Call for legislation around referendum campaign funding
Standards in Public Office Commission urges greater transparency in campaign finances
Celebrations during the results of the Referendum on Marriage Equality in 2015: While political parties are bound to disclose their spend during election campaigns, this does not apply to referendum campaigns. Photograph: Dara Mac Donaill
The Standards in Public Office Commission (Sipo) has called on the Government to introduce legislation to allow for transparency around the funding of referendum campaigns.
The organisation published its annual report on Friday and confirmed it received 26 complaints in 2016 and opened six investigations.
The report includes previously published details on election spend by political parties and donations received.
The body also makes a series of recommendations on changes to legislation including adapting a new system surrounding money spent in referendums.
The Government is expected to hold a series of votes next year including one on abortion to repeal the Eighth Amendment of the Constitution, which places the life of the unborn on an equal footing to the mother.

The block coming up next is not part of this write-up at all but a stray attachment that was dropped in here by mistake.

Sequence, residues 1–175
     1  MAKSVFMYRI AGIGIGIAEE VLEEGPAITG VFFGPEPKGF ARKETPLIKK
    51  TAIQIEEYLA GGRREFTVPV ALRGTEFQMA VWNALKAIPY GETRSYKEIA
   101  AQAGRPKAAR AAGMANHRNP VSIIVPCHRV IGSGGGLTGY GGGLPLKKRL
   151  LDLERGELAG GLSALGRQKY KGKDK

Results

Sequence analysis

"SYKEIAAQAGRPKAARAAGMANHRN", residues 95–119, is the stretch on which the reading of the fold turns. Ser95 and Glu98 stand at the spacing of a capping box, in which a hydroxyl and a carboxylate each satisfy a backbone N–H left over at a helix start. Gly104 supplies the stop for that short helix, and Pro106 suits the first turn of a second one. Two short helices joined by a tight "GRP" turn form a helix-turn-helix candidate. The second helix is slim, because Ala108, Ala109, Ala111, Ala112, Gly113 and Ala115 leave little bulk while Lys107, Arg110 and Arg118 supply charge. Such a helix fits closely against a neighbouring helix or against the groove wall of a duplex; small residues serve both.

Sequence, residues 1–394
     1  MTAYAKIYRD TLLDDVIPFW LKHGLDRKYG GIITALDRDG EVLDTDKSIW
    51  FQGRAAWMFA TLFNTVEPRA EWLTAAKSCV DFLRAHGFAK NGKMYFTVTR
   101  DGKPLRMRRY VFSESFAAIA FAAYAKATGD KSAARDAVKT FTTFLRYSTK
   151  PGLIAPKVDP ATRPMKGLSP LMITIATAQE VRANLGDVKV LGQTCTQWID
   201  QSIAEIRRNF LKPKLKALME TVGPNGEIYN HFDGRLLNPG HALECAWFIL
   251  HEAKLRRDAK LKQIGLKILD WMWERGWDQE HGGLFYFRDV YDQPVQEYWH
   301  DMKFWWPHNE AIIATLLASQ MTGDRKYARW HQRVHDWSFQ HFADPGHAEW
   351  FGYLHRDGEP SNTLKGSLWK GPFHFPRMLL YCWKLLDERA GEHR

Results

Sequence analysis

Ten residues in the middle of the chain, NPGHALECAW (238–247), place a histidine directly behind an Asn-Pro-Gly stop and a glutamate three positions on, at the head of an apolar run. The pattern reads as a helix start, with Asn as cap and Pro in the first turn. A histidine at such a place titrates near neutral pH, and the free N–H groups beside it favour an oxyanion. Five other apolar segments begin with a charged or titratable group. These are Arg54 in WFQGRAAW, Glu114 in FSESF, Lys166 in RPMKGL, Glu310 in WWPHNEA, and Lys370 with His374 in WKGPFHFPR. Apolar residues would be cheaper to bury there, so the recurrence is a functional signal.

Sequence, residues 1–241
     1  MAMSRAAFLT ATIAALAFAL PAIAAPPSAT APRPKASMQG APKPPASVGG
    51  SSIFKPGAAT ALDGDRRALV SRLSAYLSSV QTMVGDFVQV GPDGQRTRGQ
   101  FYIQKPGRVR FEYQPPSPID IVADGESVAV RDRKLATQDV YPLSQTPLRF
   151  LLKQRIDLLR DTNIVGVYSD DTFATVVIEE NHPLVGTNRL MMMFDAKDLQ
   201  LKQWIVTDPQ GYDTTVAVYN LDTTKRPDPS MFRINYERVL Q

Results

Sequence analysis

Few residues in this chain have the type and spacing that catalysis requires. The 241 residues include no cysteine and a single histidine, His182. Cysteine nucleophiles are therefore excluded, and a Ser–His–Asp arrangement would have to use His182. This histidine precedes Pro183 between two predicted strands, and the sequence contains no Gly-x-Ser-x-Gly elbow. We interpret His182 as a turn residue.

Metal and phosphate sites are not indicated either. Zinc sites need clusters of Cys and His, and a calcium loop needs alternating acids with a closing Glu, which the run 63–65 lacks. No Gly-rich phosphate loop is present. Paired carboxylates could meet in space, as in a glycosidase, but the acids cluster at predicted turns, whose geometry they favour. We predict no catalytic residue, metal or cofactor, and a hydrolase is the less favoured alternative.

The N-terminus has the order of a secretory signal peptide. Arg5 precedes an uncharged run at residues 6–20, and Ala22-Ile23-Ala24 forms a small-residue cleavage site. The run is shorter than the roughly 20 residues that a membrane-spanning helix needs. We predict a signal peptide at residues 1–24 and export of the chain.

The commission says there needs to be a new system adopted which allows third-party bodies to register for the duration of a particular campaign.
The organisation adds: “Provision should be made for transparency in funding and expenditure on referendum campaigns; third parties and political parties should be required to disclose details of expenditure on referendum campaigns.
“Similarly, information should be made available on the sources of funding available to both third parties and political parties.”
While political parties are bound to disclose their spend during election campaigns, this does not apply to referendum campaigns.
A number of third parties are expected to participate in the referendum to repeal the Eighth Amendment.
The Sipo report also makes a number of recommendations including adopting a new approach to preventing and detecting double claiming of travelling and subsistence expenses across the public sector.
The organisation, which was established in 2001 and is tasked with overseeing the implementation of ethics legislation, also criticises a decision not to update the current Ethics Act.
The commission says there may be a loophole where some office holders do not fall under its remit.
It says a number of new bodies have been established but they do not have designated directorships or designated positions.
The commission says “it remains of the opinion that persons in all public bodies who potentially may have conflicts between the functions they perform and interests they and persons connected to them hold should be subject to the obligations of the Ethics Acts to ensure that public functions are performed solely in the public interest”.
It adds: “For that reason, it considers that regulations updating the lists of such persons should be made when required to ensure comprehensive coverage.”